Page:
New York Mets News

Underrated Carlos Beltran

By Unknown author

Quick: name one of the most underrated Mets of all time.  Anyone say Carlos Beltran?  That’s right-the man who signed with the Mets nearly seven years and $119 million ago is indeed underrated by a good chunk of the fan base (if you said John Olerud, he also ranks highly on that list and will be written about at some point later).

It’s hard to believe that a guy who signed a nine figure contract could be deemed underrated, but that description fits Carlos.  Maybe it’s because he hasn’t brought a championship to New York like the guys on the ’86 team, or because he’s not a homegrown talent like David Wright or Jose Reyes, or because he’s not flashy like Pedro Martinez (not that Pedro’s career as a Met was underrated, but if maybe if Beltran was flashier he’d get more recognition).  Now in the final year of his deal, Beltran is still out in the field producing, something the Mets will need if they have any notion of contending this season.

Admittedly, Beltran’s first year in Queens did not go well.  2005 saw Carlos hit just .266/.330/.414 with just 16 homers.  In ’06, however, Beltran had arguably one of the best seasons by a Met ever.  He batted .275/.388/.594 with 41 home runs (tied with Todd Hundley for most ever in a season) and 116 RBI.  Furthermore, that season he owned a weighted on base average (or wOBA) of .412 (think of evaluating wOBA in a similar manner as OBP, meaning anything above .400 is outstanding) a weighted runs created (or wRC+) or 151 (100 is average).  He also excelled on defense, saving 11 runs in center field and owning a UZR of 10.3 en route to his first Gold Glove.  According to Baseball-Reference, his WAR for 2006 was 8.0, second only in the National League to Albert Pujols.  Because Beltran infamously looked at Adam Wainwright’s curveball to end the 2006 NLCS, there are some Met fans who probably don’t remember Beltran’s achievements that year.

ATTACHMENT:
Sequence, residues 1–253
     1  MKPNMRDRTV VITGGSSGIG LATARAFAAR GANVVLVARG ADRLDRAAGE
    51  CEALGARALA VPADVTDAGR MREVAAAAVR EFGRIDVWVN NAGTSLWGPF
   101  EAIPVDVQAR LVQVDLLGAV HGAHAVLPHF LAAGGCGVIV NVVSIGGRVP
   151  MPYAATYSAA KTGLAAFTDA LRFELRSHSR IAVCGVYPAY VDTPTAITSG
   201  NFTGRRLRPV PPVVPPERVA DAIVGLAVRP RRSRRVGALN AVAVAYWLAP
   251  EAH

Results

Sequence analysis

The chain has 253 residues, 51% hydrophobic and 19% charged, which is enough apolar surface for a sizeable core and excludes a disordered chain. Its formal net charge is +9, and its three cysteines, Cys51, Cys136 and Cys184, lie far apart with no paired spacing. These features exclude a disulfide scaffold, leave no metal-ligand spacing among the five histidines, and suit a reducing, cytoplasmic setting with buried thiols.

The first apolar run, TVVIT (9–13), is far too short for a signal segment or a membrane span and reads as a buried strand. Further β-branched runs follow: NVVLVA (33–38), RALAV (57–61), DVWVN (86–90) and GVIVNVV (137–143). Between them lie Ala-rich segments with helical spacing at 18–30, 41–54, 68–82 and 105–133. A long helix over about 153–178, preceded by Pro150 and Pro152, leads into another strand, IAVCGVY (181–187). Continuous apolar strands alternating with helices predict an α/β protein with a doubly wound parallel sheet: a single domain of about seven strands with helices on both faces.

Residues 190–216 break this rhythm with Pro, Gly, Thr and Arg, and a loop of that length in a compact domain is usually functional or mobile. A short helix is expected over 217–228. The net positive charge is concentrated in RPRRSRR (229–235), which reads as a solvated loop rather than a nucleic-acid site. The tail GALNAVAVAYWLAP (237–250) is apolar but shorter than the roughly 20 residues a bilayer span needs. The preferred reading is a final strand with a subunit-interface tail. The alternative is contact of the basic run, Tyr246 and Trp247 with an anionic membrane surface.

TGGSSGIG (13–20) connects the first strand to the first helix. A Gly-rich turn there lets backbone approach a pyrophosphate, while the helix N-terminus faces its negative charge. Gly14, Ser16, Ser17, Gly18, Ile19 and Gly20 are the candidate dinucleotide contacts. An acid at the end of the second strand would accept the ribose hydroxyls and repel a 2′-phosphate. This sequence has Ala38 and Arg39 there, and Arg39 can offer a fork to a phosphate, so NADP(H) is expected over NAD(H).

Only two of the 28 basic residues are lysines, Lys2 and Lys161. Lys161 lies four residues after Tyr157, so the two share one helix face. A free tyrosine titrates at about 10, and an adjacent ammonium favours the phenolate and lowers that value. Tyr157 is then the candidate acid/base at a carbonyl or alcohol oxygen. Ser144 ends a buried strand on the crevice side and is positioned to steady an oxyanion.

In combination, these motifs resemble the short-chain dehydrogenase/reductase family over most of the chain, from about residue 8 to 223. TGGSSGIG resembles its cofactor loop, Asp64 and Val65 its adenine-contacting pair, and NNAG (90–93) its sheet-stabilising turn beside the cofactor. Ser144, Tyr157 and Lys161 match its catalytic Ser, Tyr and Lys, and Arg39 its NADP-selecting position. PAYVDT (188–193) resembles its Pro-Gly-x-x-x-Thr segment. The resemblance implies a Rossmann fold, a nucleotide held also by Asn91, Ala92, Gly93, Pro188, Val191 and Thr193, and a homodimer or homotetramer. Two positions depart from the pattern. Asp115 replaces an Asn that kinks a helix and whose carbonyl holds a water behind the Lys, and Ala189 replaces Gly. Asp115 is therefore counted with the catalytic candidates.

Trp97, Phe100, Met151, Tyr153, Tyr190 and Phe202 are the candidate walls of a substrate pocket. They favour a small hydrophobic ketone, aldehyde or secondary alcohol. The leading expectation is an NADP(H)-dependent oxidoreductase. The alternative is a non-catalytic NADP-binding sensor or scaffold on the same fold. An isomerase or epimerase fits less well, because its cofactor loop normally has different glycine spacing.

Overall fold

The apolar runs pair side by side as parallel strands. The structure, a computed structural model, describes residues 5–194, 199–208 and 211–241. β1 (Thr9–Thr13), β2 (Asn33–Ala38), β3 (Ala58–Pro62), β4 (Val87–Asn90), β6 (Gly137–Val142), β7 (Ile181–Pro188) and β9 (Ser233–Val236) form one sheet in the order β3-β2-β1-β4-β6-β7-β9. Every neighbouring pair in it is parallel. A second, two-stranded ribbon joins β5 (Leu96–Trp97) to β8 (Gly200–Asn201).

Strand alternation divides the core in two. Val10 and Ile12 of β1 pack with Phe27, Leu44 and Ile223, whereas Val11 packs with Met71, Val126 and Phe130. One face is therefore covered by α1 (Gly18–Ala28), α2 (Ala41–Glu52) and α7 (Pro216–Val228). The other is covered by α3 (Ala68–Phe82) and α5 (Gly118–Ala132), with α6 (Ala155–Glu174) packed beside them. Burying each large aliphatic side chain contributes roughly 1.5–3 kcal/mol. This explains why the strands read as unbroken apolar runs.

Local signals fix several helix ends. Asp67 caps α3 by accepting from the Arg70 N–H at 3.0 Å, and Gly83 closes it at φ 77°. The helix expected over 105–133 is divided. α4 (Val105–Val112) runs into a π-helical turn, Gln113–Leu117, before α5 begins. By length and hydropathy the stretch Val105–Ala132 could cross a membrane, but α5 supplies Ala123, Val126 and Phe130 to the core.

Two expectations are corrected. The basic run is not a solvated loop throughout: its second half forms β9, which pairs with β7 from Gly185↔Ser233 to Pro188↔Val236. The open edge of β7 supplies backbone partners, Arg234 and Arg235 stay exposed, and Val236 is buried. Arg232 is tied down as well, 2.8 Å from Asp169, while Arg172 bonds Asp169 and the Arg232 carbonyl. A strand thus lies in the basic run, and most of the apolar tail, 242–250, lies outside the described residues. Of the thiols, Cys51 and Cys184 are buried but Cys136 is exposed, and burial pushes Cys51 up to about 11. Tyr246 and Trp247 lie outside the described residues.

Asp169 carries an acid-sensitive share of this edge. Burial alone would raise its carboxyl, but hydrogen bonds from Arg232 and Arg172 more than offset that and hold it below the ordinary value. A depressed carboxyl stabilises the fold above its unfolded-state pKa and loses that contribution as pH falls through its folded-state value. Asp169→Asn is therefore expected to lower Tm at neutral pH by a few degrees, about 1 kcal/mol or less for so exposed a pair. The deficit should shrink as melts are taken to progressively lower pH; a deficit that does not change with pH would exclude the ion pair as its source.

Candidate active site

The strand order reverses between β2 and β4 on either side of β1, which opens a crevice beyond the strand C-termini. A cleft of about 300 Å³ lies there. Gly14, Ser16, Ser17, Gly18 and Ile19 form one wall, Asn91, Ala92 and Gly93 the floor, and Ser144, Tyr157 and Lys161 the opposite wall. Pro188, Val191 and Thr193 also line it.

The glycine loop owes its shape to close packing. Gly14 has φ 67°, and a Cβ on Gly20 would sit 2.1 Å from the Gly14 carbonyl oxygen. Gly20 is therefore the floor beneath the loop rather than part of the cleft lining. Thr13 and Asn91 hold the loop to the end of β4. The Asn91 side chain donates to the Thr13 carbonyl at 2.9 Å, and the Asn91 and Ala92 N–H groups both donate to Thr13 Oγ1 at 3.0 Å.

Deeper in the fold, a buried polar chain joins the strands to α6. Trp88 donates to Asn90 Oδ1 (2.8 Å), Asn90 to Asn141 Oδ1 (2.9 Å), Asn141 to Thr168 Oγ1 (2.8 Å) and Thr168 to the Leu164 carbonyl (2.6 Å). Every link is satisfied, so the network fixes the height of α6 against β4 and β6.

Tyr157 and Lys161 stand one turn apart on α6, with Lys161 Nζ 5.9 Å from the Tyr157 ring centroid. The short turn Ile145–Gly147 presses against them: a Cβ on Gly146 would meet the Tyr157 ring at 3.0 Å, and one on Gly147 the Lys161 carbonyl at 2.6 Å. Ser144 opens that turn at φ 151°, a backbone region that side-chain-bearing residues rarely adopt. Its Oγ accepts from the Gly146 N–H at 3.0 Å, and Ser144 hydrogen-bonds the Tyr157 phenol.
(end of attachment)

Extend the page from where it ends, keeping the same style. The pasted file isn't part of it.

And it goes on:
From 2006-09, Beltran was fantastic when healthy (which he was during that stretch until the middle of ’09).  Over those three and a half years, he possessed a triple slash line of .286/.379/.531 and averaged 35 long balls per 162 games played.  Then he had the knee troubles and missed half of 2009 and nearly all of 2010.  2011 rolled around and everyone wondered what Carlos would bring to the table.  The answer so far has been a lot.

After a slow start, Beltran has turned things up.  He’s hitting .296/.367/.521 with three homers and nine runs batted in so far this season.  His wOBA is .389 and his wRC+ is 142.  He hasn’t been as stellar on defense while playing right field (he’s minus three in terms of defense runs saved) but he’s been able to get in the lineup every day recently, having started the last ten games, including both ends of the double header against the Atlanta Braves.  He probably won’t reach the same level of production that he did from ’06-’08, but Beltran has proven to be a formidable force in the Mets lineup.

There is no scenario where Beltran remains a Met past this season.  If he plays well and the Mets are out of contention, he will almost certainly be traded, and odds are the team will go with an in-house candidate in right field next year if Beltran is with the team for the remainder of the year.  Even though I agree he should play elsewhere next season, I will be sad to see Carlos go.  When he signed with the team, he gave me hope and a  reason to believe the Mets could contend.  Now many are chomping at the bit to see his salary off the books.

Remember when Pedro Martinez pitched his final game as a Met in 2008 (at that point nobody was sure if it would be his final game, but a few days later it turned out that it was) and he got a huge standing ovation as he walked off the field?  Or better yet, remember when Mike Piazza played his final game in a Met uniform, and the game came to a standstill when the crowd cheered and chanted Piazza’s name?  Beltran deserves something like that.  I’m not directly comparing his tenure with the Mets to Piazza’s, but the bottom line is that Carlos is one of the best players the Mets have ever had the privilege of handing a uniform to.  If he is still with the team come September, I hope the fans give Carlos the respect he deserves.